The UK government is set to introduce laws to limit the disruption of strike action. From summer 2022, public sector workers have been striking over conditions and pay. Railway staff, nurses, teachers, bus drivers, firefighters and others all withdrew their labour in 2022 and the disputes have continued in to 2023. Nurses for example, want an above inflation pay rise of 17% but offers to date have been below inflation. In response to the impasse and accompanying disruption, on January 10 2023, the government announced the introduction of the Strikes (Minimum Service Levels) Bill ( “the Bill” ). Under the Bill, workers’ ability to strike would be restricted by imposing minimum service levels on key public services. Organisations could then fire staff who ignore “work notices” that require them to work to maintain these minimum service levels. Trade unions can also be sued for damages if these orders are ignored. The restrictions will apply to health services, education, fire & rescue, transport, border security, nuclear energy management. 

The government says this legislation is a last resort to ensure the safety of the wider public. Trades Union Congress (TUC) General Secretary Paul Nowak however, said the proposals were “undemocratic, unworkable, and almost certainly illegal.” At the time of writing, the Bill has passed its second reading in the Commons and is progressing. This article will explore the legality and practicality of the minimum service levels proposed in the Bill. 


There is a significant question mark over the legality of the Bill but as usual, the devil is in the detail. There is no automatic right to strike under UK law but strike action is legal and protected in some cases. This is due to the Trade Union and Labour Relations (Consolidation) Act 1992 (“TULRCA”), which ties in with Article 11 ECHR. TULRCA gives trade unions and employees permission to strike without being sued by their employer, provided certain conditions are met. Typically, three conditions must be met. Firstly, there must be a trade dispute between workers and their employer. Next, a ballot must be held that typically must achieve a 50%+ turn out with a majority of these voting in favour of action. Also, adequate notice must be provided to the employee. Lastly, there cannot be an unlawful reason behind the strike.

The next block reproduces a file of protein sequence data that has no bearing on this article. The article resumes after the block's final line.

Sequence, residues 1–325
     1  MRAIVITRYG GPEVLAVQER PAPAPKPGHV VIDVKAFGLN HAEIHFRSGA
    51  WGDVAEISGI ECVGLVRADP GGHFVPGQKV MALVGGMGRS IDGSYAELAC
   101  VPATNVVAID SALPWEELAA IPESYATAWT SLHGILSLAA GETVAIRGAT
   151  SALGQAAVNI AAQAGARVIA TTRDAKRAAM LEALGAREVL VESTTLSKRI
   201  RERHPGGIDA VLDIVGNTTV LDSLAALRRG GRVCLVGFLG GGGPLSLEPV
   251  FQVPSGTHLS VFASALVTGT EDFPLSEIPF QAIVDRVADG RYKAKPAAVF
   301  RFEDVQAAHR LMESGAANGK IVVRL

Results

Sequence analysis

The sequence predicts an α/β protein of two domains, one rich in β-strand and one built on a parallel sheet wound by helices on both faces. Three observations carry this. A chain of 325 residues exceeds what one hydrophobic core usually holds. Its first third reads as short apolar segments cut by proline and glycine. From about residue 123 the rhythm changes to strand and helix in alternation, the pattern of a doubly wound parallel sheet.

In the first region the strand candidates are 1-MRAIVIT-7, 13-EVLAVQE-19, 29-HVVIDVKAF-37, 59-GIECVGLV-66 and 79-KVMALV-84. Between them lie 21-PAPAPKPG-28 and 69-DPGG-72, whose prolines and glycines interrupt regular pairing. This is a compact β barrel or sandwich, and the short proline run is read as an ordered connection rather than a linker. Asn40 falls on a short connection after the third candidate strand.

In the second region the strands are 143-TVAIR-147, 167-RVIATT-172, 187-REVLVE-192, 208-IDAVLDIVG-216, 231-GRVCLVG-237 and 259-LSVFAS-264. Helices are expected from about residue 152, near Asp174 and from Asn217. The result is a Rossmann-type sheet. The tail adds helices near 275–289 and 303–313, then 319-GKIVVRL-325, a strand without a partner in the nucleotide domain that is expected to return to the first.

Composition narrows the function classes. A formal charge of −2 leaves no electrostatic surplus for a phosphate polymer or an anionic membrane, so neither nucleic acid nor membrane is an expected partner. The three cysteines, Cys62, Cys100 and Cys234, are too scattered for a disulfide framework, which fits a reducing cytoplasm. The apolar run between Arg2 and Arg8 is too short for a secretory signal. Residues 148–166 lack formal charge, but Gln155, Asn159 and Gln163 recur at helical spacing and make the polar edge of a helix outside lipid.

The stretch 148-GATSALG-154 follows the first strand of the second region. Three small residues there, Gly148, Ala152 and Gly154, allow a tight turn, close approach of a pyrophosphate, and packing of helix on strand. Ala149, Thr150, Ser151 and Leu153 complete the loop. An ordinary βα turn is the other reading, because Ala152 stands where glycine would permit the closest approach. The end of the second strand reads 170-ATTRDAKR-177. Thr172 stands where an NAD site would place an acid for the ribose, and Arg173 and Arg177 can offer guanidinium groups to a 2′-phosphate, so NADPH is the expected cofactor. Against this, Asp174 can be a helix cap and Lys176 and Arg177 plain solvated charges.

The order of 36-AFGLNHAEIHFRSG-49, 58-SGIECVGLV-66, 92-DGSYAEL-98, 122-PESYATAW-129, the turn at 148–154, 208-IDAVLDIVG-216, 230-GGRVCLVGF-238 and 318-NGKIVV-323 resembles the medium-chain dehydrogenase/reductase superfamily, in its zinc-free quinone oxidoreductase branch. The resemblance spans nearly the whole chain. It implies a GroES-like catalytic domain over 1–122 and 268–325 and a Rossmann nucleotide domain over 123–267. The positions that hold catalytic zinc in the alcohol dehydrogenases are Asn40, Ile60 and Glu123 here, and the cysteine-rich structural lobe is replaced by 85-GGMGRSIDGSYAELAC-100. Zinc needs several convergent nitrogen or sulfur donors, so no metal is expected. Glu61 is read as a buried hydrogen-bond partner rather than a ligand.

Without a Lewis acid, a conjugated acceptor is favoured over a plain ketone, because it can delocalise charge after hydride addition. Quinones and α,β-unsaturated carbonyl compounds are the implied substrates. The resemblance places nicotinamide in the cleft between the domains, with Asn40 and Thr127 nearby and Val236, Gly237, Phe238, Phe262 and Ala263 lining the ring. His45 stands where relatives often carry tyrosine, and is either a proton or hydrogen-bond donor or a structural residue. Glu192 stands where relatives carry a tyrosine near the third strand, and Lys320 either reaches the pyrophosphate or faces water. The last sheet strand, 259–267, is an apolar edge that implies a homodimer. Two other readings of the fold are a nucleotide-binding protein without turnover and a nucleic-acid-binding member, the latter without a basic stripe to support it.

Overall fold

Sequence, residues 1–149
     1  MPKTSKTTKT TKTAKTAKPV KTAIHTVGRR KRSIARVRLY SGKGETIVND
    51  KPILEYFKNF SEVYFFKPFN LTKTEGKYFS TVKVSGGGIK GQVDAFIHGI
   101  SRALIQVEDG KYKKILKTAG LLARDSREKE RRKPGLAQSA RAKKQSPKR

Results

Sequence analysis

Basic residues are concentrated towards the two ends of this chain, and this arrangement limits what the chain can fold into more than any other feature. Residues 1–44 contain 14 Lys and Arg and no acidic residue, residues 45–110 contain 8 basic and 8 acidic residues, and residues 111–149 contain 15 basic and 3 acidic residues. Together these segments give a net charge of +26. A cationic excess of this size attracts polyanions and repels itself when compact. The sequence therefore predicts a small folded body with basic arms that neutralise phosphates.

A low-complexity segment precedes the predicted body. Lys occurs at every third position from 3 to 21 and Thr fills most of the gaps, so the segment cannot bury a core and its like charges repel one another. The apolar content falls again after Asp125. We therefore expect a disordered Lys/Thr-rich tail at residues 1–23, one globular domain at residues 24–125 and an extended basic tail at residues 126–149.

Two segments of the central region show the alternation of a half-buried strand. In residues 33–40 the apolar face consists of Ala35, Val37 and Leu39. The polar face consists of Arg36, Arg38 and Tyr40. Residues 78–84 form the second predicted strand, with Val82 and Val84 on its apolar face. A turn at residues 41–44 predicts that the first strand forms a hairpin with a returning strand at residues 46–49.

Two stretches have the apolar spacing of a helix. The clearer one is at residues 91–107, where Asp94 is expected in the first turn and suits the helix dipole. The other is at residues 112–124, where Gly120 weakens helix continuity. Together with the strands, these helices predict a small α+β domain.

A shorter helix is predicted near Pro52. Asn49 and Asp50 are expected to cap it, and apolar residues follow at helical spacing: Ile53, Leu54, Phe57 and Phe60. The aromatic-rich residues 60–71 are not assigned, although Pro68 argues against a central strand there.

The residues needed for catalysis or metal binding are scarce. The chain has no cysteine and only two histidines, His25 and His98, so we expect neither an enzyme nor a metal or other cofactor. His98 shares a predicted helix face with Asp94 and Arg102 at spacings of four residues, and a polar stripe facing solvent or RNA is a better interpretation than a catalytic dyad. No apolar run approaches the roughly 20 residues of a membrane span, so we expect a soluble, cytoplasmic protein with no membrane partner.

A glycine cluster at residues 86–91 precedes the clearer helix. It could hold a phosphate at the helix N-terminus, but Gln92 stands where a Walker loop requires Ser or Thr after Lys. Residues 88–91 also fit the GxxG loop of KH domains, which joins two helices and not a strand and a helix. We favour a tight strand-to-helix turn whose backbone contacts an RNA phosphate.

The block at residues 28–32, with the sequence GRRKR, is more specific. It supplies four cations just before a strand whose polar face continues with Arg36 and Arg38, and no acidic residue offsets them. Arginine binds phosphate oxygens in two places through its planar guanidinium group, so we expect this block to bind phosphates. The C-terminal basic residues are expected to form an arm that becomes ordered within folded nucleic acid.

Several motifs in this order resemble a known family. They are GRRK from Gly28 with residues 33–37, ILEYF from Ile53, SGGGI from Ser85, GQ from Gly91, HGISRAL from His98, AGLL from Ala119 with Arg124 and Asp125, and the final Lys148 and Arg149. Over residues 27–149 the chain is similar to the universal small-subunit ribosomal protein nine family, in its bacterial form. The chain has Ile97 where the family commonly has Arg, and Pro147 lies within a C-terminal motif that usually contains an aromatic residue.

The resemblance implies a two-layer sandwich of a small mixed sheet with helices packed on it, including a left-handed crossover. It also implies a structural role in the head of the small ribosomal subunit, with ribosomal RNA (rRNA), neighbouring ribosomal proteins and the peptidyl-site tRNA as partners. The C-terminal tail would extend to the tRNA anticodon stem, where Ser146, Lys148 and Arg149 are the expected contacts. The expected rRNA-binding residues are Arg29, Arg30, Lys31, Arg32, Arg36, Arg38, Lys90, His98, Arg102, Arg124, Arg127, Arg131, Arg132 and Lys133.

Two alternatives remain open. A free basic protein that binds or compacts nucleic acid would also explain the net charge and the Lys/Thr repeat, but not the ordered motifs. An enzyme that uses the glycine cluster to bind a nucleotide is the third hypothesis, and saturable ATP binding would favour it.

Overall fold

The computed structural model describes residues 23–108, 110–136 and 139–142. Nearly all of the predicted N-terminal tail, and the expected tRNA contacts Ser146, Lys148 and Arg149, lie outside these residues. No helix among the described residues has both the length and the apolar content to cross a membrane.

Article 11 of the European Convention on Human Rights (ECHR) gives the right to freedom of peaceful assembly and to freedom of association with others, including the right to form and to join trade unions for the protection of their interests. Societies may however, introduce restrictions on the exercise of those rights where  “necessary….in the interests of national security or public safety, for the prevention of disorder or crime, for the protection of health or morals or for the protection of the rights and freedoms of others”. Evidently, this gives the UK government a lot of legal scope to introduce minimum services levels on public safety grounds. The Bill could be challenged on human rights grounds however, if the stipulated service levels are considered more than “necessary”. Note, the UK remains committed to the ECHR even after Brexit and therefore, the UK government can still technically be brought before the European Court of Human Rights. 

The minimum service levels have not yet been determined for each sector so the legality will remain a question mark until such time. There will be much debate over what exactly are minimum safety levels in each sector and who defines this. In any case, whatever levels are set, there will undoubtedly be a legal challenge against the Bill, if it passes through the houses. 


The government has said the Bill is essential to keep our country functioning. Citizens rely on key services and the strike action puts lives at risk. Where nurses and paramedics strike for example, lives are being lost as people can’t get the urgent care they need. It is understandable that the government wants to protect public health and safety by ensuring services function. 

Those within the industry however, say that on non-strike days, services are not functioning properly to begin with. Particularly in healthcare, services are severely understaffed and staff are overworked. They argue that this is costing more lives than the strike action. In order to resolve this, public services need better recruitment and retention. Currently, pay and conditions are the primary factors preventing this. While minimum service levels would help maintain some level of service on strike days, the chronic issues within our public services are not being resolved.